14:26 GMT06 May 2021
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    In a briefing report, NATO’s former European chief suggested that the Alliance must “significantly increase the troop presence in Poland” or else Russia will catch the West by surprise with a sneak attack.

    On Sunday, NATO’s former Deputy Supreme Allied Commander in Europe, General Sir Richard Shirreff, offered a chilling albeit absurdist warning claiming that Russia has troops ready for a lightning takeover of Eastern Europe and that President Vladimir Putin may be willing to set off World War III in a matter of hours.

    "It is clear that Russia is capable of surprising the West… with potentially devastating implications for eastern Poland and fatal consequences to the Alliance," warned General Shirreff.

    In a briefing document entitled "Arming for Deterrence" for the Atlantic Council think-tank the former military commander said that Putin could easily “artificially generate any pretext that suits his propaganda narrative” to justify war with the West in a matter of hours.

    "Even if Moscow currently has no immediate intent to challenge NATO directly, this may unexpectedly change overnight and can be implemented with great speed, following already prepared plans," said the General. "The capability to do so is, to a large extent, in place."

    "The biggest threat for NATO today is a miscalculation by Russia that it could outmaneuver the Alliance by creating a quick fait accompli inside NATO’s borders," states the General. "This is based on the Russian assumption that it has a significant time advantage over NATO and that the allies could, through intimidation, uncertainty, and disinformation be influenced not to escalate a limited conflict into a full-fledged one."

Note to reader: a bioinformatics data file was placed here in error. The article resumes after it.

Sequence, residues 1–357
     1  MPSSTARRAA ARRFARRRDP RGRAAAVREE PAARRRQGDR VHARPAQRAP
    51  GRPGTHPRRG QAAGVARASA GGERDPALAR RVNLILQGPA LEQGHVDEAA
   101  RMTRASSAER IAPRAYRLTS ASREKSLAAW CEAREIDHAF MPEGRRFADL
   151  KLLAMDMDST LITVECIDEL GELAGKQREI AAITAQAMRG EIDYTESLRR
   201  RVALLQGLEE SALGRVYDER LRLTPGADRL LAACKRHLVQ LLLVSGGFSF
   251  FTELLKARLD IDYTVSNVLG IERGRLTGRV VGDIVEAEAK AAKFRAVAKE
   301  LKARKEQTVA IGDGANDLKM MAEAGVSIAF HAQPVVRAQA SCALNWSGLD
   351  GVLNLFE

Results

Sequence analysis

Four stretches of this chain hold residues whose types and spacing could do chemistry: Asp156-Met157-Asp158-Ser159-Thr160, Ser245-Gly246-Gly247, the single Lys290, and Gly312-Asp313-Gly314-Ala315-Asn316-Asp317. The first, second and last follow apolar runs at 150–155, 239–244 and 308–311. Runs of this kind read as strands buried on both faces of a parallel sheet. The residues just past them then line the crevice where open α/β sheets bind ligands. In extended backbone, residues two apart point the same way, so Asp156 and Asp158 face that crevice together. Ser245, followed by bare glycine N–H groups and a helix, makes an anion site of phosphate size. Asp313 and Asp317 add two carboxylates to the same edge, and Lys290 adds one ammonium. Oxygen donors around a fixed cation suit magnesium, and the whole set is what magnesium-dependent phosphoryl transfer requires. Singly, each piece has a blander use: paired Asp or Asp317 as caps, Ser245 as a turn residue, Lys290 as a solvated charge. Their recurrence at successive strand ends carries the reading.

The fantastical scenario holds at a premise that the Kremlin somehow ignorant of the legal requirements of the NATO treaty that would require the United States to intervene immediately if a partner nation was under siege by a foreign threat – something that Russian President Vladimir Putin has long assured he is well aware of.

    "I think that only an insane person and only in a dream can imagine that Russia would suddenly attack NATO. I think some countries are simply taking advantage of people’s fears with regard to Russia. They just want to play the role of front-line countries that should receive some supplementary military, economic, financial or some other aid," Putin explained near a year ago.

    Yet the mystical threat of 'Russian aggression' seems to be a favorite fantasy within the echo chambers of the Western defense establishment that continues to provoke Russia by engaging in a series of massive war games – over 30,000 in the Anaconda War Games not so appropriately timed during the 75th anniversary of the Nazi invasion of the former Soviet Union – which led President of the former Soviet Union Mikhail Gorbachev to question whether NATO’s activities are a pretext to an invasion.

    Moscow has responded with its own military drills including several mass mock mobilizations along its border with eastern Europe – a proportionate response to the threat that Russia faces as a result of needless NATO saber rattling. It is this, almost ironically, that raises a parallel concern for General Shirreff as was raised by former President Gorbachev of a sudden attack.

    "Turning one of these exercises into an operation against one or several of the Baltic states would give very little warning time to NATO," said the General. "Russia’s forces in the Western Military District can be quickly and substantially reinforced by units and formations from other parts of Russia under the cover of planned or snap military drills."

    In a bout of absolute absurdity, General Shirriff’s prescription to remedy the concern facing NATO in the Baltic region I to significantly bolster permanent troop numbers in Poland – the presence of which has been the primary source of escalation in the fabricated conflict. 

    "There is an urgent need to strengthen Poland’s defense capacity in order to reduce the temptation for Russia to spring a surprise attack," the General’s report concludes.


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